the choice of materials, study methods and technical support.
The self-access facilities are open Monday to Friday from 9.00 am to 5.00 pm and are
located in the basement of the Language Centre, 30/32 Tyndall’s Park Road.
4.11 Printing and Photocopying
Photocopying facilities are available in the Arts & Social Sciences Library. Printing
facilities are available in the Library, at the Computer Centre and in most computer
laboratories. Prices start at 5p per page. Information on locations and charges at

5.1 Discipline
Full details of the rights and responsibilities of students, and the various regulations
governing your existence at Bristol, can be found on the webpage of the University
Secretary’s Office, Your attention is
particularly drawn to the Student Agreement, which you signed at registration.
The power to discipline a student on academic matters is vested in the Board of the
Faculty, which delegates the day-to-day monitoring of student progress to individual
Schools. Most cases are dealt with locally and informally; the Faculty becomes involved
only in serious cases of misconduct or unsatisfactory performance, and the University is
involved only in the most serious disciplinary offences.
If a student’s performance is judged to be unsatisfactory in the course of the year, for
example as a result of failure to submit required work, failure to attend classes which are
a requirement for credit, or failure to respond to letters from the personal tutor, he or she
will be given a formal warning by the School. If performance does not improve, he or she
may be reported to the Faculty by the School and required to withdraw from the
programme of study.
5.2 Appeals
If you wish to appeal against a requirement to withdraw or the imposition of any other
sanctions related to your academic progress, or if you wish to appeal against the
decision of a Board of Examiners, you should in the first instance discuss this with your
Personal Tutor or another member of the department. You may then be referred to the
School Deputy Head of Teaching & Learning.
If the issue remains unresolved, you should make an appointment to discuss the matter
with the Undergraduate Education Director, Dr Vanda Zajko (, who
deals with matters relating to student progress, the assessment process and teaching
and learning issues on behalf of the Faculty.
If the problem remains unresolved after your meeting with the Undergraduate Education
Director , you have the right to initiate a formal appeal by writing to the Student
Complaints Officer, c/o the Secretary’s Office; tel. 928 8904; student- Full details of the relevant procedures can be found at You should note two important points:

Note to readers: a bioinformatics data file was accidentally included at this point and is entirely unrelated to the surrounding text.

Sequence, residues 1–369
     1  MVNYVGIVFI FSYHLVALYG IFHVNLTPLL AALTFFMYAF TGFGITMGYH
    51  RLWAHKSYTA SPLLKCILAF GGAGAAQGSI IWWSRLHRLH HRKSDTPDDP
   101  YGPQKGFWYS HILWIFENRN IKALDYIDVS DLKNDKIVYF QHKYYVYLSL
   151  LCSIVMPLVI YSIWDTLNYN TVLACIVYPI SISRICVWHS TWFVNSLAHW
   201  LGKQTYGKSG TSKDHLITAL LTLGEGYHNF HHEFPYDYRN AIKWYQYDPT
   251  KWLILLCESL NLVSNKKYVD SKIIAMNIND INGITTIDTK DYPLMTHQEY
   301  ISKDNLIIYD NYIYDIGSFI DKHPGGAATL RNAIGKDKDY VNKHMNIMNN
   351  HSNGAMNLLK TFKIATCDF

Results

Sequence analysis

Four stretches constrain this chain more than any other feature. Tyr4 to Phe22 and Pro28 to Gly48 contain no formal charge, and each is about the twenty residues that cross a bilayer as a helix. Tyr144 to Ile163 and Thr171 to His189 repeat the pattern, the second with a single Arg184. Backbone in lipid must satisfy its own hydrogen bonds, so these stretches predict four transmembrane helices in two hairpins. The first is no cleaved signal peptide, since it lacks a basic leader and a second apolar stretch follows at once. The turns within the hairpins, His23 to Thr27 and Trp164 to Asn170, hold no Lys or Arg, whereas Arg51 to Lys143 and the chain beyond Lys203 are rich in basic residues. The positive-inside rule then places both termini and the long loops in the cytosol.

Formal notice of an appeal should be made within 21 days of the publication of
       the decision of the Board of Examiners or the Progress Committee.
       In considering appeals against the decision of a Board of Examiners, those
       hearing the appeal will not attempt to re-examine the student, nor to appraise the
       professional judgement of the examiners, but will consider whether the decision of
       the board of examiners was fair and whether all relevant factors were taken into
5.3 Grievances
If you have a complaint or grievance about any aspect of University life, you should raise
it with an appropriate person at the earliest possible opportunity, as complaints that are
dealt with informally at an early stage have the best chance of being resolved effectively.
The table on the next page shows a suggested route for complaints, depending on the
issue at stake; you are recommended to approach someone from those listed 1 first,
then someone from among those listed 2, and so forth. If informal procedures fail to

resolve the problem, you may bring a formal complaint by writing to the Student
Complaints Officer, c/o Secretary’s Office ( Full details
of the procedures are at at

 Person to whom approach may be          Type of complaint
                                         Academic     Accommodation     Other
 Personal tutor                          1            2                 1
 Supervisor                              1                              1
 Tutor                                   1
 Deputy Head Teaching & Learning         2
 Undergraduate Dean of Faculty           3
 Graduate Dean of Faculty                3
 Dean of Faculty                         4

 Sabbatical Officers                     2            2                 2
 Students’ Union student adviser         3            3                 2
 Student representatives                 2                              2
 International Students’ Advisory        2            2                 2
 Service (international students only)
 Chaplain                                3            3                 3

 Warden (of Hall of Residence)                        1
 Senior Resident (of Student House)                   1
 Accommodation Office                                 2
 Faculty officers                                                       3
 Director of Student Services                         4                 4
 Other senior administrative officer                                    4

 Student Complaints Officer &            5            5                 5

 Council through University Secretary    6            6                 6

6.1 About the Faculty
The Faculty of Arts consists of fourteen departments organised into three Schools, Arts
(Archaeology & Anthropology, Drama, History of Art, Music and Philosophy), Humanities
(Classics & Ancient History, English, Historical Studies and Theology & Religious
Studies) and Modern Languages (French, German, Hispanic, Portuguese & Latin
American Studies, Italian and Russian). It is run by a Faculty Board, consisting of all of